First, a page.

Ian K Ramdhanie, msC,
Strong hydrocarbon fumes continue to affect Marabella residents as they prepare to bring back their children to the oil-stricken community, ahead of the new school term. Many of the children were sent away when the slop oil first started seeping through the community late last month. Residents said heavy rains over the weekend had caused the oil to float downstream, staining the banks of the Guaracara River which flows into the Gulf of Paria.
When the T&T Guardian visited Mango Alley, oil was seen floating on the river. Its fumes were also pungent. A floating log was drenched in black crude. Lilawati Ramlakhan, who has been living on the river bank for 16 years, was concerned that the fumes would affect her grandson Jordan Ramlochan who was sent away to stay with relatives.
“Jordan has to start school next week at the Harmony Hall RC but now that we seeing oil again, I am worried to bring him back here,” Ramlakhan said. She added that Petrotrin must clean up all the oil from the river immediately. We are fed up with the smell and this weekend it was really bad. Whenever rain falls the smell gets unbearable,” Ramlakhan said. Shelby Lange, who has two children—Deica Brown and Soriah Lange—said he was also worried.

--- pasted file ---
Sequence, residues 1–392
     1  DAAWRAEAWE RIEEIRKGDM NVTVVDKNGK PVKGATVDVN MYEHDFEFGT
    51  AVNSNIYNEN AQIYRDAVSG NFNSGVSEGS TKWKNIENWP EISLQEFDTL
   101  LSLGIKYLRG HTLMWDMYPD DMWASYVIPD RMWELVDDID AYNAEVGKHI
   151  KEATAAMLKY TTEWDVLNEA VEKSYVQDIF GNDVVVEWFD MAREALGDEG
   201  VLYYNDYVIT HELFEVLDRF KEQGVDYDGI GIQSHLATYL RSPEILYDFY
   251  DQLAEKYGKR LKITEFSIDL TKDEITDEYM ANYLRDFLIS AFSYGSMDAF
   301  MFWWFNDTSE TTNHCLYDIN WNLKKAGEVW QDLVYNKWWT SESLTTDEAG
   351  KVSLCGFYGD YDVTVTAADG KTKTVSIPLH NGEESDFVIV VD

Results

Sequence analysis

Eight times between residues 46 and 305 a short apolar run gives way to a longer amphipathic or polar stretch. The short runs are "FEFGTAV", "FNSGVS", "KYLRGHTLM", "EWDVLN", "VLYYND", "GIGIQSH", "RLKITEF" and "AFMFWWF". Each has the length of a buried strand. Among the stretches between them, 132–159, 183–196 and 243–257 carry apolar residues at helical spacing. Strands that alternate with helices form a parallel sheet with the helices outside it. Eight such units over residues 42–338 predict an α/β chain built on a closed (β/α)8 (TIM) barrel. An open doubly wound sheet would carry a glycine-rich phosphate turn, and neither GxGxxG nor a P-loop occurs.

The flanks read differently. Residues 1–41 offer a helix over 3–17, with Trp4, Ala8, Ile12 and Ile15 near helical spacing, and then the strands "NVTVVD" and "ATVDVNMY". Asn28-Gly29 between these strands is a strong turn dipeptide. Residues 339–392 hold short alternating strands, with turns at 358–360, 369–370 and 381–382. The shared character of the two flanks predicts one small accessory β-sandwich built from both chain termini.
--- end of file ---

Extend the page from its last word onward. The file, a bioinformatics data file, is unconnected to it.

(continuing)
He said he lost his job at K&K Tile Expert because of the spill. “I got really sick and I stayed away from work for more than a week. When I went back for my job they said I was already replaced. Now I am unemployed and I have two children to send to school,” Lange said. He added that Petrotrin promised to hire him but never did. Keyshawn Elms, who has three children, said he was concerned that more oil was coming back on the river.
“We do not know if the oil they tried to sink in the river using chemical, is now coming up. All we know is that two days ago, we started seeing heavy crude and we tried to call Petrotrin over the weekend but as usual, there was no answer,” Elms said. He added that his children—Jeremy, nine, Josiah, five and Jessica, three—had to go to school from September but he was concerned about their health.
“My son Jeremy still has irritations to his eyes. We took him to Augustus Long Hospital and they washed it out but I was not happy with the way we were treated. The nurses said we are from the slums,” Elms said. A source at Petrotrin said yesterday that the heavy hydrocarbon fumes occurred when an operator inadvertently caused some diesel to spill out of a tank. The source said there was no leak. The official said the cleaning and polishing of the banks of the Guaracara River would continue for the next month.
In yet another mishap, Petrotrin said in a statement yesterday a quantity of diesel fuel was spilled during routine operations at the Pointe-a-Pierre refinery on Saturday. The state-owned oil and gas company said approximately 280 barrels of diesel was recovered and there was no evidence of hydrocarbons spilling into the drainage systems.